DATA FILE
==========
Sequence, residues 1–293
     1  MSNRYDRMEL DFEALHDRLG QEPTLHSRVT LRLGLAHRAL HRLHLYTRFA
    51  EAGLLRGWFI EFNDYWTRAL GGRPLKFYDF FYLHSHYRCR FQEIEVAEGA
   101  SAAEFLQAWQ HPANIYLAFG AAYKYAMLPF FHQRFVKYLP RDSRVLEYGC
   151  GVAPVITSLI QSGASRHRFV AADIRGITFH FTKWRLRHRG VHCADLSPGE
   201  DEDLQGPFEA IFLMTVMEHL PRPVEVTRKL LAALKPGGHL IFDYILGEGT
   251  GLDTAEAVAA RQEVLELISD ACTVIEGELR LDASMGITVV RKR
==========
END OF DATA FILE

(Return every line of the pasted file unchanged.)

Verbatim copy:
Sequence, residues 1–293
     1  MSNRYDRMEL DFEALHDRLG QEPTLHSRVT LRLGLAHRAL HRLHLYTRFA
    51  EAGLLRGWFI EFNDYWTRAL GGRPLKFYDF FYLHSHYRCR FQEIEVAEGA
   101  SAAEFLQAWQ HPANIYLAFG AAYKYAMLPF FHQRFVKYLP RDSRVLEYGC
   151  GVAPVITSLI QSGASRHRFV AADIRGITFH FTKWRLRHRG VHCADLSPGE
   201  DEDLQGPFEA IFLMTVMEHL PRPVEVTRKL LAALKPGGHL IFDYILGEGT
   251  GLDTAEAVAA RQEVLELISD ACTVIEGELR LDASMGITVV RKR